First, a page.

Worms have no teeth. They use their strong, muscular mouths to swallow pieces of leaves and dirt. The mouth is behind the firm and pointed prostomium, which is the front end.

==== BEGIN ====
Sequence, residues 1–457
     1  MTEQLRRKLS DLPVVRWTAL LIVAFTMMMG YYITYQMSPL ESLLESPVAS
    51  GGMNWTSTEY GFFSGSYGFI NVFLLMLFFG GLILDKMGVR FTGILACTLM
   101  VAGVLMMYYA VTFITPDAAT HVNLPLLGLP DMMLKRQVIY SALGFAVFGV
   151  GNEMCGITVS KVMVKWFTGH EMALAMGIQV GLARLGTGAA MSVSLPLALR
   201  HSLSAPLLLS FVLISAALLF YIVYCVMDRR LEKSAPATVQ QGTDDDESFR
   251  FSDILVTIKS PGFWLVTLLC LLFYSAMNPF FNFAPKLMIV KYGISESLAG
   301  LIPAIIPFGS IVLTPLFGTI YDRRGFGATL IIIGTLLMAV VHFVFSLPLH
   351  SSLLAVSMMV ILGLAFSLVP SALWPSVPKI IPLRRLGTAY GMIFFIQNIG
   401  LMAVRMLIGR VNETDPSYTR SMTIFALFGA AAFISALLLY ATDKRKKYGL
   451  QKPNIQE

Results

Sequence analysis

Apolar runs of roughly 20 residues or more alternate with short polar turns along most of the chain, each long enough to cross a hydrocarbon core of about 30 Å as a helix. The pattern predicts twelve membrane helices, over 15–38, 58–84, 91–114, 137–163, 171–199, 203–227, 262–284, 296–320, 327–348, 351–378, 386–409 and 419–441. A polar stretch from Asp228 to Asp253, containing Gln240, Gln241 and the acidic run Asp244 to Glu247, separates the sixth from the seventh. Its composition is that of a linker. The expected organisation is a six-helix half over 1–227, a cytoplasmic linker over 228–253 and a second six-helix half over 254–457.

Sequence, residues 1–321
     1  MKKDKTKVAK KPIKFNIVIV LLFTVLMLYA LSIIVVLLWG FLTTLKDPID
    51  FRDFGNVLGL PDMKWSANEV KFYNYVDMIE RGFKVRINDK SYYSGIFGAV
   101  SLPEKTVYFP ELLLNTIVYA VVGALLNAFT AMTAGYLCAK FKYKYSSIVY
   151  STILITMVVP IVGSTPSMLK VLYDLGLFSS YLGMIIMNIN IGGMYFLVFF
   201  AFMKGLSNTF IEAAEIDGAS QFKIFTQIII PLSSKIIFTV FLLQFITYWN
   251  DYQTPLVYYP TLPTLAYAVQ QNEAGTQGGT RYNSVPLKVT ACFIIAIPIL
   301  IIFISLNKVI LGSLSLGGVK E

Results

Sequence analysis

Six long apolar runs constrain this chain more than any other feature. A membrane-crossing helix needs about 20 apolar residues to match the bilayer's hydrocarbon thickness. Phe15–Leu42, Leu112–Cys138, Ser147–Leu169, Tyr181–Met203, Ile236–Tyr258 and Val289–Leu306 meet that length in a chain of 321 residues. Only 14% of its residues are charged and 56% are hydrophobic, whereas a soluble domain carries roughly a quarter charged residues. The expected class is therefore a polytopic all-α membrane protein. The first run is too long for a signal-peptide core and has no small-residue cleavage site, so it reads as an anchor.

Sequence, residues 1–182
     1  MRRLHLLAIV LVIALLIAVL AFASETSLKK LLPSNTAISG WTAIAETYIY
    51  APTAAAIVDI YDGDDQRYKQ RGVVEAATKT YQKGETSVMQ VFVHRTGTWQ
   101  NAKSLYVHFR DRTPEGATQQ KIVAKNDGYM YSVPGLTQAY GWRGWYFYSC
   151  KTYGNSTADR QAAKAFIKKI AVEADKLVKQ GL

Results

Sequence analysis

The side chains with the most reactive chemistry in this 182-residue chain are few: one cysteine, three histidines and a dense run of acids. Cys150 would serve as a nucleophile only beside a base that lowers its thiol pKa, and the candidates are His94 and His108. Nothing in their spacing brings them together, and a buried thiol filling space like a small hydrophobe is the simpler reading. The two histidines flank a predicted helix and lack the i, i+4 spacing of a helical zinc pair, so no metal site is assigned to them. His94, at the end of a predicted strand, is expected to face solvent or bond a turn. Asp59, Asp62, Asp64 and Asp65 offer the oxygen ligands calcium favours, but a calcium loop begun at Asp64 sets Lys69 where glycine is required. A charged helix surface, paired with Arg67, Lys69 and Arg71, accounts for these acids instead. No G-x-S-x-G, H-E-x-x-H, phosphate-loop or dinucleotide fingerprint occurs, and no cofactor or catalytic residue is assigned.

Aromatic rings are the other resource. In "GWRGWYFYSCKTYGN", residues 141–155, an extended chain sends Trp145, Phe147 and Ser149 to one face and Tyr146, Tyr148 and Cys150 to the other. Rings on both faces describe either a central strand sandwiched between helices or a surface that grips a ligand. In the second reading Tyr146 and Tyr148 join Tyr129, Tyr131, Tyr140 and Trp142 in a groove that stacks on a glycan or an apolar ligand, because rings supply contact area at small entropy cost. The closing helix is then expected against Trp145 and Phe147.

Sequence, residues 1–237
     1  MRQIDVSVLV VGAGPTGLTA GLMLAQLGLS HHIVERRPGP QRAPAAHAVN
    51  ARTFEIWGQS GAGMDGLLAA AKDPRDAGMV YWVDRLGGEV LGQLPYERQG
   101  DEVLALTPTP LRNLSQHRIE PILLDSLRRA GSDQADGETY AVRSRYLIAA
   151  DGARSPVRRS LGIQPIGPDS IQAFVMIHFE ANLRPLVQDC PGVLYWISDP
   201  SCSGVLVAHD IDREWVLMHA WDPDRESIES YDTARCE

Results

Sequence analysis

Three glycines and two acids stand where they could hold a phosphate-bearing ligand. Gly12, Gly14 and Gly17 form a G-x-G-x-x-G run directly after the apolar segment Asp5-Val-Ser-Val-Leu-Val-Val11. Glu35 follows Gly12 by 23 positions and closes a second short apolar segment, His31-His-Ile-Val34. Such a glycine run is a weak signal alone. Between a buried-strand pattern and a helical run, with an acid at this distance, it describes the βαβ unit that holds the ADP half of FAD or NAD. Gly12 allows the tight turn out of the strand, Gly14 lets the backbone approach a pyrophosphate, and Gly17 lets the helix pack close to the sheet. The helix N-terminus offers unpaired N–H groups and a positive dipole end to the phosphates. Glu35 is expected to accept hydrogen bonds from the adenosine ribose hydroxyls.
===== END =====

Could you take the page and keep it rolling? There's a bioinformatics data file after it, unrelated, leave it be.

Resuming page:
The swallowed food goes through the pharynx and the esophagus and finally into the crop, where food is temporarily stored. From the crop, the food enters into the worm's gizzard, which is named such because of its muscles. Food is ground here before entering into the worm's intestine, which is over two-thirds of its body length. Broken-down food that is beneficial enters into the worm's bloodstream, while the unwanted remnants are removed from its body as worm feces or castings.